Bi-Mode Class 769 Trains

Nearly thirty of the trains are being converted into bi-mode Class 769 trains for working partially-electrifired routes and although these are running late, they should be in service this year.

Rail Operations Group

Two Class 769 trains have been ordered to be fast logistics trains by Rail Operations Group.

Wikipedia says the trains will be used to transport mail.

But if you read the history of the Rail Operations Group, they make the assets sweat and I’ve read the trains will still have seats, so they might do some other rail operations.

The Hydrogen-Powered Class 799 Train 

And now comes the Class 799 train!

This is a demonstrator to prove the concept of conversion to hydrogen power.

The fact that the train now has it’s own number must be of some significance.

Alstom are converting Class 321 trains into Class 321 Breeze trains.

  • The conversion will reduce passenger capacity, due to the large hydrogen tank
  • It will have a 1,000 km range.
  • It will have regenerative breaking.
  • It will have a new AC traction package
  • It will probably have the interior of a Class 321 Renatus train.

The conversion will obviously build on Alstom’s experience with the Alstom Coradia iLint train and Eversholt’s experience with the Renatus.

When it comes to the Class 799 train, the following will apply.

  • Porterbrook have all the experience of creating the bi-mode and dual-voltage Class 769 train.
  • Birmingham University’s Birmingham Centre For Railway Research And Education (BCRRE) are providing the expertise to design and convert the Class 319 train to hydrogen power.
  • I also wouldn’t be surprised to find out, that the BCRRE has applied some very extensive mathematical modelling to find out the performance of a hydrogen-powered Class 319 train or HydroFLEX train.
  • The conversion could be based closely on Class 769 experience and sub-systems,

Could the main purpose be to demonstrate the technology and ascertain the views of train operators and passengers on hydrogen power?

The most important question, is whether the Class 799 train, will have the same passenger capacity as the original Class 319 train?

If it does, then BCRRE must have found a way to store the hydrogen in the roof or under the floor.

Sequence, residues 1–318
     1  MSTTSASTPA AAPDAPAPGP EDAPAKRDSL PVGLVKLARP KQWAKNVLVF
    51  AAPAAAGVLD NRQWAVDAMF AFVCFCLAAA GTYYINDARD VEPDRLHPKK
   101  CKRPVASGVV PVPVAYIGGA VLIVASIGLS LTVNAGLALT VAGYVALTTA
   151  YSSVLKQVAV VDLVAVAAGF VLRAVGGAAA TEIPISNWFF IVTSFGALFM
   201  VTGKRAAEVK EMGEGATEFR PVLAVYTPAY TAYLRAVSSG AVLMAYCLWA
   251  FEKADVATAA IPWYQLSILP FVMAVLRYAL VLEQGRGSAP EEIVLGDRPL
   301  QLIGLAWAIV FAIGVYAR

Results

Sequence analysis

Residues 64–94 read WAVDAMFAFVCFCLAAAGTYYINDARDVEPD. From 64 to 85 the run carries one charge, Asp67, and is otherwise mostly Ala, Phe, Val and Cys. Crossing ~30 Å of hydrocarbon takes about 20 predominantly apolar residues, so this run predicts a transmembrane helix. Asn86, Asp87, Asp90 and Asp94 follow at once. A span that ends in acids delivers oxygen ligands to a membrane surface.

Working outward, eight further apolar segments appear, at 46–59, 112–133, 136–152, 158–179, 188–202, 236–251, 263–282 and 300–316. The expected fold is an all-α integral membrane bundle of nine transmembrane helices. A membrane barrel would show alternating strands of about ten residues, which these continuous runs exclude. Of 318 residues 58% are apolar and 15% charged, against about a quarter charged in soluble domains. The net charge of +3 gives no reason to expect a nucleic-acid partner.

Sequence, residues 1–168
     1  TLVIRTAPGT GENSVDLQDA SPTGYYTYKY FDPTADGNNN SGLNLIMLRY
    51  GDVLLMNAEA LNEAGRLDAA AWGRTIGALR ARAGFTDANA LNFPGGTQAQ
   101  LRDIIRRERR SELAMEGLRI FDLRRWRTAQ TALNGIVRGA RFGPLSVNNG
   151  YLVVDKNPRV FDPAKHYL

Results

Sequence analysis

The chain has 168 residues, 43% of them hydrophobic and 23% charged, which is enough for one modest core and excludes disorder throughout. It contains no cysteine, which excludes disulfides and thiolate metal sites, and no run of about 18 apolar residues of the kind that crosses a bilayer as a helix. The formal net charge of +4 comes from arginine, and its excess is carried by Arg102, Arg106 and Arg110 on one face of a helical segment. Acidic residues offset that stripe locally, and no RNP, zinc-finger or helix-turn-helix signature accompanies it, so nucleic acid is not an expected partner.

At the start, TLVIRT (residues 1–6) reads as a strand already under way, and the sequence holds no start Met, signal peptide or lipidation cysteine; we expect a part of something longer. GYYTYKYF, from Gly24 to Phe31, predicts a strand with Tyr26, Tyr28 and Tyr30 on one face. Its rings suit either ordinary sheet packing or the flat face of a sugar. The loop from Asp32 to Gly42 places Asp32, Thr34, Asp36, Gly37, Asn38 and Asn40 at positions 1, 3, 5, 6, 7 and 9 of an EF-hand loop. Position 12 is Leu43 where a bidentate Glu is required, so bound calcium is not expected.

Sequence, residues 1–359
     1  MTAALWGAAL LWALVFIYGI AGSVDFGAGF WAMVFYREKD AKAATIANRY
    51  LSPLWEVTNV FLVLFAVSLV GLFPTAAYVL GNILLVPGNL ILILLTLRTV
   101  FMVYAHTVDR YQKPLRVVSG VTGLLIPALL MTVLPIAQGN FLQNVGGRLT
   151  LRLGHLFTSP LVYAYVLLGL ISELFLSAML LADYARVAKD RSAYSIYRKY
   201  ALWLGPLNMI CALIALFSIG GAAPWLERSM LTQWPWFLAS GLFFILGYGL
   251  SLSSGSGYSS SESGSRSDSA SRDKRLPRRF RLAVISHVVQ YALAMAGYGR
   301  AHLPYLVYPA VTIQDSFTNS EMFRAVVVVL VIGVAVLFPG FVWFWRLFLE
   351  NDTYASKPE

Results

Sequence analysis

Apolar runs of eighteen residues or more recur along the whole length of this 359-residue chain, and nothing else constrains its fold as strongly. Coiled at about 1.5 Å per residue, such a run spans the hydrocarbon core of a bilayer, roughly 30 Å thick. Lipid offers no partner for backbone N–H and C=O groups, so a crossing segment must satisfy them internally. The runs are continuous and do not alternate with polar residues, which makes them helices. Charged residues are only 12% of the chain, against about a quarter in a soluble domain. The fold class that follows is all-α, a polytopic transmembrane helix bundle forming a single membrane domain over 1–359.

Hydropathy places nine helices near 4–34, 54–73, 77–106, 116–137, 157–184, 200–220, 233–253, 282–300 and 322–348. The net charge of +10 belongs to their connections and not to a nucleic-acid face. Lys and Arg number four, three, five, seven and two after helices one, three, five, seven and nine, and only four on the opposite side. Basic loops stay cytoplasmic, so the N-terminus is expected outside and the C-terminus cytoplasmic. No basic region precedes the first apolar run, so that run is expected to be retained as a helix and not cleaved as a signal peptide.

It should be noted, that it was only in September 2018, that the contract to develop the Class 799 train was signed and yet less than a year later BCRRE and Porterbrook will be demonstrating the train at a trade show.

This short development time, must mean that there is not enough time to modify the structure of the train to fit a large hydrphen tank inside, as Alstom are proposing.

A smaller hydrogen tank could be placed in one of three places.

  • Underneath the train.
  • On the roof.
  • Inside the train, if it is small enough to fit through the train’s doors.

Note.

  1. I doubt that anybody would put the tank inside the train for perceived safety reasons from passengers.
  2. On the roof, would require substantial structural modifications. Is there enough time?

So how do you reduce the size of the hydrogen tank and still store enough hydrogen in it to give the train a useful range?

In Better Storage Might Give Hydrogen The Edge As Renewable Car Fuel, I indicated technology from Lancaster University, that could store four times as much hydrogen in a given size of tank.

This reduced tank size would make the following possible.

  • The hydrogen tank, the fuel cell and the batteries could be located underneath the four-cars of the Class 319 train.
  • The seating capacity of the Class 799 train could be the same as that of a Class 319 train.

Clever electronics would link everything together.

If BCRRE succeed in their development and produce a working hydrogen-powered Class 799 train, how would the technology be used?

Personally, I don’t think we’ll see too many hydrogen-powered Class 799 trains, running passengers on the UK network.

  • The trains are based on a thirty-year-old train.
  • The interiors are rather utilitarian and would need a lot of improvement, to satisfy what passengers expect.
  • Their market can probably be filled in the short-term by more Class 769 trains.